Keep reading for 20 of the best books about Oregon and the Oregon Trail!
Oregon has a special place in my heart. It’s the setting of our first family connection around books. The first book series my kids fell in love with was the Ramona Quimby series by Beverly clearly. And thanks to Audible’s awesome audio collection, they have listened to all the books several times.
The Ramona Quimby series takes place in Oregon and upon hearing that Portland has statues of Ramona, Henry Higgins, and Ribsy in one of their parks my oldest exclaims: WE GOTTA GO THERE!!
I grew up loving Ramona, and I’m glad my kids love her too. That’s one of the amazing things about books. Neil Gaiman said, “Stories you read when you’re the right age never quite leave you. You may forget who wrote them or what the story was called. Sometimes you’ll forget precisely what happened. But if a story touches you, it will stay with you.”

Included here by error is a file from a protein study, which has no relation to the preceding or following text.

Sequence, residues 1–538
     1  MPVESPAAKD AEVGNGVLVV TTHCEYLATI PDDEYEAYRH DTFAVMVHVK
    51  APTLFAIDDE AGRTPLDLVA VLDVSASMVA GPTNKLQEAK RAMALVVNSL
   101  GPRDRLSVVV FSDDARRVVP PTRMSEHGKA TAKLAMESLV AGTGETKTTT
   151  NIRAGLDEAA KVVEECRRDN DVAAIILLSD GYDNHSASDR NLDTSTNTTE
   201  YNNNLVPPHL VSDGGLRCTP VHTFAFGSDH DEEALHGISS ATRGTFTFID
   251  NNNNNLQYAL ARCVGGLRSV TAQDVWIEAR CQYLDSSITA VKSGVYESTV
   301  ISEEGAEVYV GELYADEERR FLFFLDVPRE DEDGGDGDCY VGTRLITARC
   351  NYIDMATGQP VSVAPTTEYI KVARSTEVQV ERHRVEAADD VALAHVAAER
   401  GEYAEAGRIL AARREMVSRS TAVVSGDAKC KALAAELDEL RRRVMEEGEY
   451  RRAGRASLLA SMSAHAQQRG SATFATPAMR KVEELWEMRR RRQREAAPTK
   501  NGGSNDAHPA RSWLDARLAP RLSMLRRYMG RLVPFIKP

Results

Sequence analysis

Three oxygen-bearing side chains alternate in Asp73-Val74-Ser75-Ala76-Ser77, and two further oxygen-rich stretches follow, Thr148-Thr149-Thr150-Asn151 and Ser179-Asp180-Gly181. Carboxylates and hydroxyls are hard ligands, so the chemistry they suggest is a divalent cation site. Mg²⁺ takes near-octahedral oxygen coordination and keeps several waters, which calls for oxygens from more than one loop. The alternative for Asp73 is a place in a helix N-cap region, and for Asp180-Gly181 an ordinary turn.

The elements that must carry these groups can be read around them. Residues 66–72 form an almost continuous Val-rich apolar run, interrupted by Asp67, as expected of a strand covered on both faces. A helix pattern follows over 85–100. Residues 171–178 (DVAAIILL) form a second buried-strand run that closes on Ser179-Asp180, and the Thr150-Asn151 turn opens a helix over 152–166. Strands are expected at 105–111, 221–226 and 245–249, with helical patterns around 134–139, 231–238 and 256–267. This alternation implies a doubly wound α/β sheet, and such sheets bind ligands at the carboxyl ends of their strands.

That’s the power of living books, a term Charlotte Mason coined referring to books that make the subject you are studying come alive and are written by people who love the subject. It’s how I choose books for my homeschool, and how I chose books for our 50 states study because studying and learning about Oregon is more than learning about its famous authors.
The books on this list make Oregon come alive to the reader. They include nonfiction books as well as picture books and chapter books that are set in Oregon. And also features some books about the Oregon Trail, a roughly 2,000-mile route from Independence, Missouri, to Oregon City, Oregon. It was used by hundreds of thousands of American pioneers in the mid-1800s to emigrate west. Let’s get started!
ICYMI! Here are the lists for the other states!
- New Jersey
- South Carolina
- New Hampshire
- New York
- North Carolina
- Rhode Island
- West Virginia
- North Dakota
- South Dakota
- New Mexico
Oregon History and Facts
- Oregon is nicknamed the Beaver State.
- Motto – She flies with her own wings.
- Oregon entered the Union on February 14, 1859. It was the 33rd state.
- Origin of name unknown.
- Herbert Hoover, the thirty-first president of the United States, spent six years in Oregon as a boy.
- Salem is the capital of Oregon.